Still, it’s a constant learning curve, as stressful as it can be. We sat down with one of the most influential businessman in Honduras, who inclined towards us and explained the truth (or at least his version of it) behind Zelaya’s abrupt removal from power in the middle of the night at gun point almost exactly a year ago.

It’s depressing, but you find out quickly that there is very little difference between the right and the left. Whichever party allows the business men to exploit the people, pay the least taxes possible and attract foreign investment without internal political PR disasters; the better. If you know whose pocket to grease, then it really is fairly indifferent which undeserving puppet is put in power.

The best part of my day is kicking off my heels, letting down my hair, talking to the people in the street and walking to the supermarket. A man with no shirt and a carton a strawberries balanced above his head asks me if I want to buy. I smile and say not this time but ask him if he knows of a pharmacy nearby. Not only does he explain, but he leaves his cargo and walks me to the end of the street, making sure I don’t get lost. His life has been so different from mine, but in this brief exchange I feel a common bond. Because at the end of the day, as ugly as it can get, people are people wherever you go.

Angel Falls, Venezuela


Still fresh in our minds is the memory of the horrifying journey to get here. For most of the journey the speedometer nudged 170k and the driver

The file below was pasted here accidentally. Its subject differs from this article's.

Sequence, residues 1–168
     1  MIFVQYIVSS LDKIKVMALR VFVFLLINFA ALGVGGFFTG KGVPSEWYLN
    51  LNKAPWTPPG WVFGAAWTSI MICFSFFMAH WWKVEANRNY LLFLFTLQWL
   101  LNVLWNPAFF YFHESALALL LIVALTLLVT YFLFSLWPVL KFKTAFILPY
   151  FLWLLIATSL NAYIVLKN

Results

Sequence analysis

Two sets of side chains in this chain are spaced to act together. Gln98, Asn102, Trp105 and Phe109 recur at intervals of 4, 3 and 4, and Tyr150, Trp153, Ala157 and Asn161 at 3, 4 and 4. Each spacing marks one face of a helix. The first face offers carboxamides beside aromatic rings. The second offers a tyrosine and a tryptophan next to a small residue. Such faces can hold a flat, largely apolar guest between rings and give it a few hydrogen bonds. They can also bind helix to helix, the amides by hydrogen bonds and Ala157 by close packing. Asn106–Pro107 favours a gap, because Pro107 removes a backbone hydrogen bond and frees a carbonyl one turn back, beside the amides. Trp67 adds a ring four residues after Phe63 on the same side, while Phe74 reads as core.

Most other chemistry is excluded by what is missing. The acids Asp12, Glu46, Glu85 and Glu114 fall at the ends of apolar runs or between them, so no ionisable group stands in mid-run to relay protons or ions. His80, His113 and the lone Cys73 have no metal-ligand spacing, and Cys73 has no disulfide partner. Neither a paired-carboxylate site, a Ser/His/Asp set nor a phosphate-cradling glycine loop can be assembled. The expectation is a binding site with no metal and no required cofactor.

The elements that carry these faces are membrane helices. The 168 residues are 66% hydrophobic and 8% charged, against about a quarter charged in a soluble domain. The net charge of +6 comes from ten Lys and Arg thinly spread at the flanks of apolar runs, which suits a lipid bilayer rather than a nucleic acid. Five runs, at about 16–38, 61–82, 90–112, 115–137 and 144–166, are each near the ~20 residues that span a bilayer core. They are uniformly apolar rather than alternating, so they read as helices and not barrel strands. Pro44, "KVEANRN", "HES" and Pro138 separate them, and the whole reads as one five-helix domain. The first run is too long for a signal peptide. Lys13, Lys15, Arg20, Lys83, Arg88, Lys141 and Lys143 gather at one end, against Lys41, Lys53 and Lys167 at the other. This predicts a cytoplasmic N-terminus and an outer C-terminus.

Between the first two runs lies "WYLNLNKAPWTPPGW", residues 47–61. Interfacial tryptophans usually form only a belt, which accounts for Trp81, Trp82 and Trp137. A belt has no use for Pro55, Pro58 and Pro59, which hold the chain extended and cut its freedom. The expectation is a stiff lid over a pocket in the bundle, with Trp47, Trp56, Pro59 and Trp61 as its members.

slowed down only once to point out a dead body on the roadside, lying beside the mangled wreckage of a car.

So, less than 24 hours later, contemplating the world’s smallest plane (with just 5 seats) and a pilot with alcohol on his breath, I started to wonder if we are not being just a little irresponsible.

The engine splutters into life and we racket along the runway, finally ascending the open sky. I’ve never experienced flying in a plane with the windows open before. There are boxes of coke cans under my seat and the controls just in front.

The scenery is stunning and we feel every whisper of breeze and shuddering of the plane’s wings. Mystic and brooding tepuis (flat table mountains) and roaring waterfalls fill the windows. It’s exhilarating.


Canaima (the town closest to the falls) could possibly be one of the most striking places on earth, with waterfalls pounding into a lagoon with a reddish tinge to the water, caused by an agent in the soil. The first day of the trip we will not see the falls, but progress up the river in a wooden boat and visit lagoons and smaller falls along the way.

Our party comprises the two of us, a late-middle aged couple from Aruba – Baba and his wife – and three elderly Venezuelan ladies. We have not chanced upon the party trip. The camp is basic in the extreme and when we arrive after dark, soaked through to the skin after a long journey upstream in driving rain, there is no electricity.


There is also no alcohol and our cigarettes have been sacrificed to the elements and are limp, wet and broken. There seems little to do after we have eaten and we crawl into our hammocks at about 8.30. The deafening throb of crickets and other cries from the surrounding wilderness feed my over-imagination and the most sleep I can snatch is in periods of minutes
and marked by curious lucid dreams.